Trier is a small German city right on the border with the small country of Luxemburg and is considered the oldest city in Germany. It is famous for its world-class Roman ruins - easily the best in Europe. It is one of Europe's most stunning cities and one that everyone should put on their bucket list.

Trier is located in Germany's important Moselle wine region (so wine tasting while in Trier is another pastime). Today many of the Roman Ruins remain and one can learn what daily life was like in Roman times. Got to other countries and one can find Roman ruins and Roman bridges completely unmarked on the map (even Google Maps).

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History And Importance of Trier

A settlement here was first founded by the Celts in the 4th century BC but was later conquered by the Romans. While the Germans failed in their bit to conquer and subdue much of what is today Germany (that they called "Magna Germania") they did take what is today Germany west of the River Rhine (Germania Inferior).

The old Celtic settlement was renamed by the Romans Augusta Treverorum (that is "The City of Augustus among the Treveri"). In time, it grew to become one of the largest and most important Roman cities in the greater region. It even became the capital for administering much of the Western Roman Empire for a time.

  • Oldest City: Oldest German City
  • Oldest Bishop Seat: It is The Oldest Seat of a Bishop North Of the Alps

The city's history continued, and it became an important city during the Middle Ages. It had the status of one of the seven electors of the Holy Roman Empire.

  • UNSECO: Trier's Entire Catalogue of Roman Monuments Have Been World Heritage Listed Since 1986

Today there are many old Roman ruins to discover in Trier and much of the historic Old Town has been designated as the "Center of Antiquity". Some of the more notable ones are the Porta Nigra, Aula Palatina, Three Roman Baths, The Roman Bridge, and Trier Amphitheater.

Related: This Is Ancient Rome's Largest Temple (And Yes, It's Impressive)

The Roman Gate And The Basilica of Constantine

Porta Nigra:

Porta Nigra is a stunning fortified gate in the old 2nd-century Roman town walls. Port Nigra is perhaps the most striking monument in the city and is the largest Roman city gate north of the Alps. Its construction likely started in 170 AD the original gate was made up of two four-storeyed towers. It is made out of gray sandstone and is named for its dark color.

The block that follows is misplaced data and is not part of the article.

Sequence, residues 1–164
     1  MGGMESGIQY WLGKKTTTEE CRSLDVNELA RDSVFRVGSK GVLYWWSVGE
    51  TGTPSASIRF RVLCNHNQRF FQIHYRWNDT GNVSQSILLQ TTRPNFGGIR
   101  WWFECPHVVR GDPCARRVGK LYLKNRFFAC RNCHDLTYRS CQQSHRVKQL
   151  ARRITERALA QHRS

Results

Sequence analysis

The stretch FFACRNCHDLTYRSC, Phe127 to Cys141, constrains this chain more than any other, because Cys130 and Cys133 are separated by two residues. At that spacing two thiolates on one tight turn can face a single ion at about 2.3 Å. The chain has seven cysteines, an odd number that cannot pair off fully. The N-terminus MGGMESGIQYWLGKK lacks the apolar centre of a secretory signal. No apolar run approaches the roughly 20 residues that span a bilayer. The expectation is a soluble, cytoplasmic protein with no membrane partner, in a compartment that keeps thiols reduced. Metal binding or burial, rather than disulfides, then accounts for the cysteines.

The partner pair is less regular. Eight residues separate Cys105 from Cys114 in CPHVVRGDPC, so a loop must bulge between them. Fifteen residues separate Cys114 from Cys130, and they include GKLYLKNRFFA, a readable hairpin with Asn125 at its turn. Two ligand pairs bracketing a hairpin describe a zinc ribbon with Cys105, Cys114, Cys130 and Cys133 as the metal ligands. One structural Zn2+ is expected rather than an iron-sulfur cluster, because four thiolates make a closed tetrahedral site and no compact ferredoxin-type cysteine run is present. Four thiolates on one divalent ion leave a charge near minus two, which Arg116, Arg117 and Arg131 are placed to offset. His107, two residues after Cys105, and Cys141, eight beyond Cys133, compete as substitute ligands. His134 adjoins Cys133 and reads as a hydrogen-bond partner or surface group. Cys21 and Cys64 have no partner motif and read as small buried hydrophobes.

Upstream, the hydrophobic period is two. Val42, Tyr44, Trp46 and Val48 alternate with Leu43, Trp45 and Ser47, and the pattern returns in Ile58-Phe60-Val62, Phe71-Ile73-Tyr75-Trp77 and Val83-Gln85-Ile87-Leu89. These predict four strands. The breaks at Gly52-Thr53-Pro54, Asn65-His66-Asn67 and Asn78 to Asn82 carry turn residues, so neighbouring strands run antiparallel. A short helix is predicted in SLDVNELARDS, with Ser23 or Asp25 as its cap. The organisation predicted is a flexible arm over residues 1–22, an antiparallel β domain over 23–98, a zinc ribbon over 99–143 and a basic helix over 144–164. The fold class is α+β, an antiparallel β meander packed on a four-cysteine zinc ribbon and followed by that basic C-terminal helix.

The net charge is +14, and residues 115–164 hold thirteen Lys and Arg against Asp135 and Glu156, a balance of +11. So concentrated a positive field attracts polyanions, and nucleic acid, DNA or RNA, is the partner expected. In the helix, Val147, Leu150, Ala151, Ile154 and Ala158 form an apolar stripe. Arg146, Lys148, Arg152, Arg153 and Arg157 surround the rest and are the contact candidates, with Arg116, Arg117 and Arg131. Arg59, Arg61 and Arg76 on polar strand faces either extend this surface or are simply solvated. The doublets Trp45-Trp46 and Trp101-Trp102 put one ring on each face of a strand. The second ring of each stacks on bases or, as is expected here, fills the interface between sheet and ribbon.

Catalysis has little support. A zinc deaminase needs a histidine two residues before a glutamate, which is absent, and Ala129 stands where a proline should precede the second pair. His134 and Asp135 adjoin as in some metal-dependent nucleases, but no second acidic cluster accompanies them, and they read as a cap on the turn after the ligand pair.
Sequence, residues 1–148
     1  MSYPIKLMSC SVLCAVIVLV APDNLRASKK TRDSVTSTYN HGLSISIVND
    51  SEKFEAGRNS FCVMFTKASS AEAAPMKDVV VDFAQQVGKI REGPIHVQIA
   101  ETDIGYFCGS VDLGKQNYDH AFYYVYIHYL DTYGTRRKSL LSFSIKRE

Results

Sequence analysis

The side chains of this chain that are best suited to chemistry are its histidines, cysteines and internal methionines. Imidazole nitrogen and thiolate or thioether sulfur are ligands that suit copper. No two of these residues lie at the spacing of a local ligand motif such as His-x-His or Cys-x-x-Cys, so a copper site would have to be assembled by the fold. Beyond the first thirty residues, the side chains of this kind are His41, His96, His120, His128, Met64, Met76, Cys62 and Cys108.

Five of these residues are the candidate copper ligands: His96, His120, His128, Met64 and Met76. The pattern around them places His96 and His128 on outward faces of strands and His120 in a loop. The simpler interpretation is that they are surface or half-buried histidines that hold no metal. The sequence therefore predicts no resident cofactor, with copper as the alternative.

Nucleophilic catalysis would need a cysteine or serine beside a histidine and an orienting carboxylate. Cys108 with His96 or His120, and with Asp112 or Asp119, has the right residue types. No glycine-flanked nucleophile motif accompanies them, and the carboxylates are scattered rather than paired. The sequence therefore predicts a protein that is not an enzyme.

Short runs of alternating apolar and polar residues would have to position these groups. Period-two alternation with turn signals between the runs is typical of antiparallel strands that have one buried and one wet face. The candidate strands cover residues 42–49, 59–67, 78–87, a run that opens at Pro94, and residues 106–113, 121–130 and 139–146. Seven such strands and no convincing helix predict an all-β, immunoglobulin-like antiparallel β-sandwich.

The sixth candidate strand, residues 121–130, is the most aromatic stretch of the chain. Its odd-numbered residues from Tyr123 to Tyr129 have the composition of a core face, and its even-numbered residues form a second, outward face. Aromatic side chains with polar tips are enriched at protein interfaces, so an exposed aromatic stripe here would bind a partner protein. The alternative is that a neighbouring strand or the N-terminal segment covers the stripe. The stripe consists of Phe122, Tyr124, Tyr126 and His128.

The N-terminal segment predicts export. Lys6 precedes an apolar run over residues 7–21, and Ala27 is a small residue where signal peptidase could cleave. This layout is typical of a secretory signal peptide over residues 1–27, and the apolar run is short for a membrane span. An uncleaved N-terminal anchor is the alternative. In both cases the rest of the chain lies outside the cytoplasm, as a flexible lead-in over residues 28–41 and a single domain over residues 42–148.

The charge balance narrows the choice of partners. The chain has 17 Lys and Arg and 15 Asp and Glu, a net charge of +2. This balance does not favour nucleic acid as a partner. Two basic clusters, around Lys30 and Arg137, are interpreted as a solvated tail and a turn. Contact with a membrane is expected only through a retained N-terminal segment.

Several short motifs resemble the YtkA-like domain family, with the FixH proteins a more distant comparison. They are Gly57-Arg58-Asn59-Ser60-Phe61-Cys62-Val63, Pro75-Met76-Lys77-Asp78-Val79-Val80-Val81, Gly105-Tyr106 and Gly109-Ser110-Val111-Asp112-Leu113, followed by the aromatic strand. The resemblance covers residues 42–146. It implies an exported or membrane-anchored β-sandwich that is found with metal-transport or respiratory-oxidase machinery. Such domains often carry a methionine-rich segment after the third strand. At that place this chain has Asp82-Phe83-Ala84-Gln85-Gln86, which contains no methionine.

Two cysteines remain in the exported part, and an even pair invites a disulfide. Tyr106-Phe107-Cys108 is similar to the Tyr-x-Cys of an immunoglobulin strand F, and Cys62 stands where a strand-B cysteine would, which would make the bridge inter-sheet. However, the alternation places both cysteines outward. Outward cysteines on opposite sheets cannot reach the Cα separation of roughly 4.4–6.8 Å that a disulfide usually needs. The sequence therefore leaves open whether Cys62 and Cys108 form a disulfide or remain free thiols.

• Built: From 170 AD

Aula Palatina:

Also known as the Basilica of Constantine, the Aula Palatina is a Roman palace basilica built by emperor Constantine I (also called Constantine the Great) in the early 300s AD.

Not only has the building survived, it even remains in use. It is used as a Protestant Church - the Evangelical Church in the Rhineland. The Aula Pataina has the largest extant hall from antiquity having a length of 67 meters and a width of 26 meters with a height of 33 meters.

  • Built: In Around 310 AD By Constantine The Great (Who Also Moved the Capital to Constantinople)
  • Used: As a Protestant Church

Related: Ancient Latrines: What You'll Learn At These Historic Sites

Other Notable Roman Attractions In Trier

Trier Amphitheater:

Just about any notable Roman city had an amphitheater and baths and Trier is no exception. The Trier Amphitheater once held the infamous gladiatorial combats and is dug into the side of a hill. It was built in the 2nd century during the reign of Antoninus Pius and could seat around 20,000 spectators.

  • Capacity: Around 20,000 Spectators
  • Built: In The 2nd Century

The Roman Bridge:

The Roman Bridge in the city crosses the Moselle River and is believed to be the oldest standing bridge in Germany. Not all the bridge is original - the nine bridge pillars date from the 2nd century AD. The upper parts date from the early12th and the early 18th centuries when it was rebuilt after war damage.

  • Oldest: The Roman Bridge is the Oldest In Germany

The Roman Baths:

There are three sets of Roman Baths in Trier and the most notable of them are the Barbara Baths and the Trier Imperial Baths.

The Barbara Baths are the largest Roman baths north of the Alps - although they may be closed to visitors out of interest of preserving them. The Trier Imperial Baths were built in the 4th century AD but were never completed. Somewhat bewilderingly they were made into a castle during the Middle Ages.